One of the first things I purchased was a mini food processor. I just love it! I mainly use if for chopping vegetables for use in soups, casseroles or other recipes, but I know you can use it for many more things.You do have to do some initial cutting of larger food pieces, but it's not nearly the amount you'd need to do otherwise. I believe mine was about $30, and it was worth every penny. Here's the one I have:
Another kitchen appliance I have is a KitchenAid stand mixer. No doubt, this was a major purchase; but I got it on sale at Target, and I think I paid around $280. KitchenAid has so many models and colors to choose from, I, of course, have a red one to go along with my black and red kitchen theme. You can buy a variety of accessories, but so far, I haven't found I needed them. I love to bake, and last Christmas was so much easier having my stand mixer. It's obviously much easier than stirring by hand, but I was surprised at how much easier it was than using a hand mixer. My arms are weak and holding up a hand mixer for even a minute or so was just too difficult. It's also nice to be able to add your ingredients and step away if you need to, something that you cannot do with a hand mixer. Even if you don't bake, there are many uses for a stand mixer. I use it to shred cooked meat quite often. Here's a blog post I ran across that lists some of the many uses for a stand mixer (she also gives some information about different models). 12 Creative Ways to Use a Kitchenaid Mixer. Obviously, not everyone would need or use a stand mixer; however, if you are someone who would use one and you've been on the fence about whether or not it would be worth it, I have found it to be a purchase I don't regret. Plus, it looks good on my kitchen counter, don't you think?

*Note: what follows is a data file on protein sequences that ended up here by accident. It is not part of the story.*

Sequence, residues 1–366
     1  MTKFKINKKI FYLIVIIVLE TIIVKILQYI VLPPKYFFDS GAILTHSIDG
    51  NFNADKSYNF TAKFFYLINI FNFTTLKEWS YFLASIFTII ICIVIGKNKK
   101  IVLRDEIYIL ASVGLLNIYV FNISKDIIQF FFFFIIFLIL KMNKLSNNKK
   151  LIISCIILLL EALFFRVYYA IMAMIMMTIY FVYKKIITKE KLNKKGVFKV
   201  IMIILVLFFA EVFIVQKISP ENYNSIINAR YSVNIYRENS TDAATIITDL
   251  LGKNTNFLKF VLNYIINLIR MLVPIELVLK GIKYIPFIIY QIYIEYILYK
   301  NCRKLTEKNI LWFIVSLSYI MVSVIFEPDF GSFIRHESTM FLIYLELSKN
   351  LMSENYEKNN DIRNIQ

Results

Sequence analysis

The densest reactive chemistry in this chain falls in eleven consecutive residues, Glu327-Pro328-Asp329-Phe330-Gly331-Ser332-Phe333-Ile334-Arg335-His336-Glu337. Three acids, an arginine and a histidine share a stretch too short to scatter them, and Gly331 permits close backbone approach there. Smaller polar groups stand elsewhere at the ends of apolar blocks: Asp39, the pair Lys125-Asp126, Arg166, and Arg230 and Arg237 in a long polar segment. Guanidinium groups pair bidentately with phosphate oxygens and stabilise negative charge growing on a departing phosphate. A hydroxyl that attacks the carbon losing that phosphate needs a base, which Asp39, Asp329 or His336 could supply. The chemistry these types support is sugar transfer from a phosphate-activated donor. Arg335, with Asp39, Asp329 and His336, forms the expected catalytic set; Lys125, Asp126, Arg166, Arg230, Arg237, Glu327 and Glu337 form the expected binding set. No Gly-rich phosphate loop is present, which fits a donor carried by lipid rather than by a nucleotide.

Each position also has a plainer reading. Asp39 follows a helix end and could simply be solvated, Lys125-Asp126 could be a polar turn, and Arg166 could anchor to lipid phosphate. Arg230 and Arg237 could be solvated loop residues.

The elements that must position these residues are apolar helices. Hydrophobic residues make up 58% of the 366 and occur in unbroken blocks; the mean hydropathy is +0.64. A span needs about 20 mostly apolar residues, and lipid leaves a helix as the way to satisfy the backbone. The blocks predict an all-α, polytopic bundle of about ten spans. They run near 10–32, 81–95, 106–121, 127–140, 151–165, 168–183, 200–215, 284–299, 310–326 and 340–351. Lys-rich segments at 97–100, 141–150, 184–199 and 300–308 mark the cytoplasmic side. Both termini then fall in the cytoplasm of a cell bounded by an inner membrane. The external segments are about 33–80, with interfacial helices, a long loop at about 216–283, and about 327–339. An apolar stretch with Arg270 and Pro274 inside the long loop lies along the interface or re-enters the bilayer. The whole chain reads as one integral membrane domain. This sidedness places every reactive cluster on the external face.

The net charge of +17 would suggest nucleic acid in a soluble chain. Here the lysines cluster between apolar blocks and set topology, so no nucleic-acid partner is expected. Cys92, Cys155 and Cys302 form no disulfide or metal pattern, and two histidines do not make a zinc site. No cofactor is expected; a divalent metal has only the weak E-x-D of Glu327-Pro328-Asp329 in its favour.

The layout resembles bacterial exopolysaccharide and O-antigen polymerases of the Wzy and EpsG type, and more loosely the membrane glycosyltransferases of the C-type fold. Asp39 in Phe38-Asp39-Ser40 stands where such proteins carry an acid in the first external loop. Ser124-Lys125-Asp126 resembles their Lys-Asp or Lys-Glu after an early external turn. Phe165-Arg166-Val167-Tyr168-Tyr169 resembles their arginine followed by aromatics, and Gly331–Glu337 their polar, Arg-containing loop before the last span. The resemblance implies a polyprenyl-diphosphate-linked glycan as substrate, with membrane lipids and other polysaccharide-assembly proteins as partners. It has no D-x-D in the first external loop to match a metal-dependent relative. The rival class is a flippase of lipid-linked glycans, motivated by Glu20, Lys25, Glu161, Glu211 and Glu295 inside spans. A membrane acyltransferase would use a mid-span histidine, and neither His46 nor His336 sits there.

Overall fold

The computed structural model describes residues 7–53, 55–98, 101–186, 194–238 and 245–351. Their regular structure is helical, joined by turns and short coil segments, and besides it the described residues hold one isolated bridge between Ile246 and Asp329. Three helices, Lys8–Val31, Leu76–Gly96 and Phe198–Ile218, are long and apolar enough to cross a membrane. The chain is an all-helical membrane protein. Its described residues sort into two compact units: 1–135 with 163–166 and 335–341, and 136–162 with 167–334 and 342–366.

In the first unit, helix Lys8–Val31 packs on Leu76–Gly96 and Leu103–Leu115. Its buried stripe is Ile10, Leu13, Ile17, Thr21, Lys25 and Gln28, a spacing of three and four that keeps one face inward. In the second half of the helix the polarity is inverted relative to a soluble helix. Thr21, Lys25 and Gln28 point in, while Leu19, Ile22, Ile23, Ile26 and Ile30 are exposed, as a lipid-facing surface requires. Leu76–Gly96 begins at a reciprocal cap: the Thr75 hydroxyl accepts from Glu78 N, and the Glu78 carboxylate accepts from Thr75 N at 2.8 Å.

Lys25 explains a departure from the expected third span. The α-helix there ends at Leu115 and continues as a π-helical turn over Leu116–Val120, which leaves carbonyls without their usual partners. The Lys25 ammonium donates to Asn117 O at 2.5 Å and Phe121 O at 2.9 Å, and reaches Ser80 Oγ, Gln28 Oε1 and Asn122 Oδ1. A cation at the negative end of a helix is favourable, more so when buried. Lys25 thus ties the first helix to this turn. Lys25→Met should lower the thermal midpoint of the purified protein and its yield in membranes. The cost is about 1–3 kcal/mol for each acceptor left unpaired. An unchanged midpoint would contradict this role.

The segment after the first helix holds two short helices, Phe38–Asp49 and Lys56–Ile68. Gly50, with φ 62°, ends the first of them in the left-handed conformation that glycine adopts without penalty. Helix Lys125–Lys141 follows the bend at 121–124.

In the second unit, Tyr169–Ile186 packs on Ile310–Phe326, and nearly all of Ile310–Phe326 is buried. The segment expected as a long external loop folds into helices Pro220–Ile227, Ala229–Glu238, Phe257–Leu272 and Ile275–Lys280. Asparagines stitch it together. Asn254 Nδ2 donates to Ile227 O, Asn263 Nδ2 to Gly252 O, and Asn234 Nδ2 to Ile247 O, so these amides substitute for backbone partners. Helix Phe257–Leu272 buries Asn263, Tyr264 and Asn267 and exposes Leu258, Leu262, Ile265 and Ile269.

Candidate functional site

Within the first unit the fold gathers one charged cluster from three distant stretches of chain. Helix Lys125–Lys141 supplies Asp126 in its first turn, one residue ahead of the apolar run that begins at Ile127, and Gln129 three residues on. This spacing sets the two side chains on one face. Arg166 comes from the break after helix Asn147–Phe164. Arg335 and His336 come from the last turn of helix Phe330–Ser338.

There are many kitchen utensils and gadgets made specifically for people with disabilities. A Google search of Kitchen aids for disabled persons returned over 30 million results! If you are having difficulty preparing meals, ask your primary care doctor for a referral to an occupational therapist. Occupational therapists assist patients with activities of daily living. They can do an evaluation and help you find the techniques and tools you need to help make life easier. They also teach exercises to help strengthen weak muscles and teach individuals ways of moving to help conserve energy and reduce pain.
A few more things. In case you missed it, I did a post on Crockpot cooking. You can find it here: Foodie Friday-Crockpot Cooking. I am not being paid or compensated in any way by Kitchenaid or Cuisinart; I'm just giving an honest review of the particular products that I own. Something else, I hope none of you find the word disabled offensive. I use editing software, and it tells me that this is no longer a politically correct term. But, from what I've read, many people with physical challenges much prefer that term to some of the others that are currently in use. I'm sure it's one of those things that's just a matter of opinion.